Posted in Books

Book Review: Anti-social Network, by Piyush Jha

Crime fiction is something that very much interests me when it comes to reading. I grew up reading them. Hardy Boys, Nancy Drew and Sherlock Holmes, they were my favorites to read, still are. Over the years, I’ve come to feel that there are certain important parts to any good crime fiction. I look for them in every crime fiction novel. So did Anti-social Network by Piyush Jha meet the mark? Continue reading “Book Review: Anti-social Network, by Piyush Jha”

Posted in Books

Book Review: Mumbaistan, by Piyush Jha

About the author:
Piyush Jha is an acclaimed film director, ad filmmaker and a novelist. This is his first book, a collection of three crime thrillers set in the city of Mumbai. He has also written a novel, Compass Box Killer, which is set in the city of Mumbai as well.

Cover and blurb:
Splatters of blood on a red sky, with the silhouette of Mumbai in the background and a silhouette of a man holding a gun prominently on the cover… a well designed and thrilling cover for sure. The blurb made me even more eager to read it. Continue reading “Book Review: Mumbaistan, by Piyush Jha”

Posted in Books

Book Review: Compass Box Killer, by Piyush Jha

About the author:
Piyush Jha is an acclaimed film director, ad filmmaker and a first-time novelist. His first book, Mumbaistan is also of the same genre, with three crime thriller novellas set in Mumbai as well.

Impressions from the cover:
Other than the bright yellow color, the design is actually toned down. A silhouette with a compass in hand, and blood red over the silhouette of Mumbai city is enough to peak interest.

Impressions from the blurb:
A thriller that starts with a murder of a policeman definitely has prospects. I’m not quite sure of the reporter angle, that’s a touch that could go either way. The criminal sounds intelligent too, so eager to read.

My thoughts on the book:
For me, a crime fiction has three very distinct elements, in addition to a gripping plot. Those three are the detective, the suspects (including the eventual guilty one) and of course, the motive. Depending on how these three blend with that gripping plot, I feel it makes or breaks the story.

Plotline: A serial killer surfaces in Mumbai, and his first target is a senior officer in the Mumbai Police. Step in Inspector Virkar, chief investigator to solve the crime. His first clue is by stroke of luck, but can he piece together the events so luck doesn’t play a part to save other lives, from clues that the killer leaves in a student’s geometry box?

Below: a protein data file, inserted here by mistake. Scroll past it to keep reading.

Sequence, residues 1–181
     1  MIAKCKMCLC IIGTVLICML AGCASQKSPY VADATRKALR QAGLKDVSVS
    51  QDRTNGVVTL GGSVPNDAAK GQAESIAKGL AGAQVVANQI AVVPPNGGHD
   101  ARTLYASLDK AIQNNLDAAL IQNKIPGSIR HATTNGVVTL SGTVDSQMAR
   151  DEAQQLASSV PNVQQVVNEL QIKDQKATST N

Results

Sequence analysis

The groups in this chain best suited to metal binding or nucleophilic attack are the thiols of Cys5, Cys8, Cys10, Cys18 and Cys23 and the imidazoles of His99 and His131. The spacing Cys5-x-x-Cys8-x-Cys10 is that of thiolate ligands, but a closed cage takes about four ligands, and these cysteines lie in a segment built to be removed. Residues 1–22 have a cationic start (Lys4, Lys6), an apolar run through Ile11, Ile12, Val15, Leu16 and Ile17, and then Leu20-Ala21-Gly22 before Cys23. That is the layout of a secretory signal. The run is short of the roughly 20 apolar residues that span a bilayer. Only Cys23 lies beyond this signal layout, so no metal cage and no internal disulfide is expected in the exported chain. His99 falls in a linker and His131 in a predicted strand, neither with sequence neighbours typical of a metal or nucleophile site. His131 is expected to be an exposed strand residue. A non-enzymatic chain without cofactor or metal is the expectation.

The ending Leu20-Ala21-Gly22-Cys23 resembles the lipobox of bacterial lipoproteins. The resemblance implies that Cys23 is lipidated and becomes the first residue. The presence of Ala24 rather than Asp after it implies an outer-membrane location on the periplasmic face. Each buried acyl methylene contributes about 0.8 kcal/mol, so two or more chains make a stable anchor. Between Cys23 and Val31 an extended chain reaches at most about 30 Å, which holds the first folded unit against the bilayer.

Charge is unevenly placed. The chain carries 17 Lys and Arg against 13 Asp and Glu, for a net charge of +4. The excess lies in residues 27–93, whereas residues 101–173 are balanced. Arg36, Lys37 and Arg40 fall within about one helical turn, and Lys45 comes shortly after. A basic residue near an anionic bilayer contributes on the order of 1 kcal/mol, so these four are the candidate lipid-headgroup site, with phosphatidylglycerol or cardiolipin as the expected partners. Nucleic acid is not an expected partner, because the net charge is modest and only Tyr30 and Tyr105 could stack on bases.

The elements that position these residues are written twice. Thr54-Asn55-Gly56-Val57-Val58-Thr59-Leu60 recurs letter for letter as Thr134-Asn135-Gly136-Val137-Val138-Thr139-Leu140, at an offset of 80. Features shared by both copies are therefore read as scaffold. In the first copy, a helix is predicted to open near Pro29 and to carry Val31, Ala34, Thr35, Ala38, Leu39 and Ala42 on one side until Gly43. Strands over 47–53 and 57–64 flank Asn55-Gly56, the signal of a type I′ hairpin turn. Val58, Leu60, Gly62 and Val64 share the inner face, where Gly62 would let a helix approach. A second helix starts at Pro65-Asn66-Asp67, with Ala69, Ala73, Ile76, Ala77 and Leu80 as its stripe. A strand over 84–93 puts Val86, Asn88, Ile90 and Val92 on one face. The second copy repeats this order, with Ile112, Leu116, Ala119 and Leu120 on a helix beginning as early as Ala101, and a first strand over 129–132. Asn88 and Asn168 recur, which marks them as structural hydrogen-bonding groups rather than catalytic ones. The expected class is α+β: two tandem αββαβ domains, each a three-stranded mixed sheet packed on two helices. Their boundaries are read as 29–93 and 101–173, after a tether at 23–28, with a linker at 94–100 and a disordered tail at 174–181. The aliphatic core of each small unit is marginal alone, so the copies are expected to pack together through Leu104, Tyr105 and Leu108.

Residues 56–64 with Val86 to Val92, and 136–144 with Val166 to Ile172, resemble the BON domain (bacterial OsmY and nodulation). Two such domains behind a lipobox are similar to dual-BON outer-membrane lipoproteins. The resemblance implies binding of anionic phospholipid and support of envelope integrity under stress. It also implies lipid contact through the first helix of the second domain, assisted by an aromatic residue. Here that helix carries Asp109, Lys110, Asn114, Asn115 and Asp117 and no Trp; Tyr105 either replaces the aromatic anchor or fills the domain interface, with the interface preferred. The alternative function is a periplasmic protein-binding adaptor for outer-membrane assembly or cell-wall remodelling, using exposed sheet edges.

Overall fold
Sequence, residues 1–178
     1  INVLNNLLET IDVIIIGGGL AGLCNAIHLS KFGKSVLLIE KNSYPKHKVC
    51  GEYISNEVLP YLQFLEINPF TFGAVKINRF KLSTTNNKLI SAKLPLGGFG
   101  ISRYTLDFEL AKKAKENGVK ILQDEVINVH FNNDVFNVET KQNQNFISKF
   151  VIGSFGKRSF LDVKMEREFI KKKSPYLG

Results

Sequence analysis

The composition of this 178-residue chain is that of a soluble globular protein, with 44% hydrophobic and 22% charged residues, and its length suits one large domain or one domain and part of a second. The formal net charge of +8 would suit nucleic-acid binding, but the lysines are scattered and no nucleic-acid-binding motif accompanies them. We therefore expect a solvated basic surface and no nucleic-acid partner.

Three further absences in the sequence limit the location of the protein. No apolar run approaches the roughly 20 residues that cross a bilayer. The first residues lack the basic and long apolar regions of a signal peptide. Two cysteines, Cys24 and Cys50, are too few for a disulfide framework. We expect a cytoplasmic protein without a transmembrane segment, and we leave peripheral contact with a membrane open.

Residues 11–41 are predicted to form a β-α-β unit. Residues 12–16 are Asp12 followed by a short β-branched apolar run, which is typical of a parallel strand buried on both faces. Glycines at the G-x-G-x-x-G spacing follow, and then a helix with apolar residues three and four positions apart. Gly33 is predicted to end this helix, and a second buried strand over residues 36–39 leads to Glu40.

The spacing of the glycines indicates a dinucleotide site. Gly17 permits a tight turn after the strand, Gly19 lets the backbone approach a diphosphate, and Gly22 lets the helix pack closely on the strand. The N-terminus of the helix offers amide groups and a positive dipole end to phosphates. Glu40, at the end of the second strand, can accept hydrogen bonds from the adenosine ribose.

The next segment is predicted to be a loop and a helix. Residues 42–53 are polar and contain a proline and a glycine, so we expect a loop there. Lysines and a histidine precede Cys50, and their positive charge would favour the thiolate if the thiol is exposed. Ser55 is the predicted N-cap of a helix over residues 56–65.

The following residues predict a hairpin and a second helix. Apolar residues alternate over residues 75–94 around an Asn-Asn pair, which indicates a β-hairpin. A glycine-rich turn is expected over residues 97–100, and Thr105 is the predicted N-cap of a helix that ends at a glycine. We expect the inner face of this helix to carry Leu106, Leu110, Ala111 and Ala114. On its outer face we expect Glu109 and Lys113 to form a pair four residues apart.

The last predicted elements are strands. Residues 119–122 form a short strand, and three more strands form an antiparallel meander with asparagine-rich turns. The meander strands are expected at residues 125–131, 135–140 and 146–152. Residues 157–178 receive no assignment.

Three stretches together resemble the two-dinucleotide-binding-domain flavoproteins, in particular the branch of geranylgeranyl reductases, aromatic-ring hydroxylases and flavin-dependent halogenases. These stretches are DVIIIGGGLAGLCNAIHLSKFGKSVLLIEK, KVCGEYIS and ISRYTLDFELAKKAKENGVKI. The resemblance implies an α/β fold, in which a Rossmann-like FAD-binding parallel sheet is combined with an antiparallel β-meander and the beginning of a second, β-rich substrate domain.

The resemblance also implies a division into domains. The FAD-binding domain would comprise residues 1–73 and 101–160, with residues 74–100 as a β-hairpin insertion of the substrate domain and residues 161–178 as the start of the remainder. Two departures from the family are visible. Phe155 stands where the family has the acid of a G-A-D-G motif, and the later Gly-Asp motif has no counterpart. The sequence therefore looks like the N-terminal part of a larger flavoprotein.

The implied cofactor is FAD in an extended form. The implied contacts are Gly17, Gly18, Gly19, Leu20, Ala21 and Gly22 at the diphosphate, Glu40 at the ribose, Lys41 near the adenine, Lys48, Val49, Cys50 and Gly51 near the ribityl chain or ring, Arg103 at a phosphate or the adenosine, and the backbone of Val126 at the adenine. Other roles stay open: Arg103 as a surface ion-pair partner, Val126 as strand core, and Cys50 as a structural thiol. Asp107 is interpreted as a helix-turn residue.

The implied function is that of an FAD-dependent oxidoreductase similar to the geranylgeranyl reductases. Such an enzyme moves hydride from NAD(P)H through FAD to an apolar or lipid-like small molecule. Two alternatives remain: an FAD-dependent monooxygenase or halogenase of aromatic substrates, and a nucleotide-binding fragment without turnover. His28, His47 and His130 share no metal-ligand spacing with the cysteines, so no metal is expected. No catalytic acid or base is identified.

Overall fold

The Detective: Inspector Virkar, inspector in the crime branch of the Mumbai police. Smart, diligent, sensible and with a sense of justice. Has a strange affection for talking to himself with Hindi quotes that are humorous, and loves a brand of beer that is very hard to get. He goes by his own instincts rather than what other people try to put in his head. I liked the detective and his attitude. It sat well with me.

The Suspects: In this case, it is just one suspect, but we are unknowing of who he is, what’s his real name, how he will strike next, and how deep the chain of the serial killings will go. So it isn’t an interrogative crime fiction, but a thriller. The criminal is an intelligent one, and his clues only point to the name of the next victim, not how or where the strike will be, leaving Virkar and the police to think how to stop him. He is methodical, and I liked the method. He even baits the police to try and lead him to a victim.

The Motive: Love and affection for a person, that the victims are connected to, and that leads to revenge, the most popular motive for murder usually. It’s not a very clear motive in the context of this plot perhaps, but it works.

So if the three aspects work, and the plot is gripping, what doesn’t work? Well, the ending. The suspect still doesn’t get apprehended, and it is left that way. Felt out of place. The other two places I felt out of place were: firstly, the dying declaration of a possible victim that points to the suspect. I felt that if the victim could piece two and two together at that time, he could have done it before too, and saved his life (which he knew was at stake). Secondly, I felt that with her blackmailer dead and no reason to fear consequences anymore, the reporter needn’t have filed a complaint against Virkar at the end. It didn’t make sense to me. However, these two instances do not hinder the gripping plotline. It’s only at the end of the novel that I wondered about the same.

As far as crime thrillers go, this was every bit as interesting and gripping as I hoped it would be. I haven’t read his debut novel, and I would be trying to get my hands on it as soon as possible. I look forward to more in the Mumbaistan series as well.

A rating of 8/10
A rating of 8/10

Book Details:
Title: Compass Box Killer
Series: Mumbaistan Series #2
Author: Piyush Jha
Genre: Crime Thriller
ISBN: 9788129124272
Publishers: Rupa Publications
Price: INR. 195


The book was received as part of Reviewers Programme on The Tales Pensieve. This is not a paid review.
The opinions expressed in the review are my own, and remain unbiased and uninfluenced.

Shared with
1) First Reads Challenge at b00k r3vi3ws
2) Indian Quills Reading Challenge at Tales Pensieve.

(July 18th, 2013)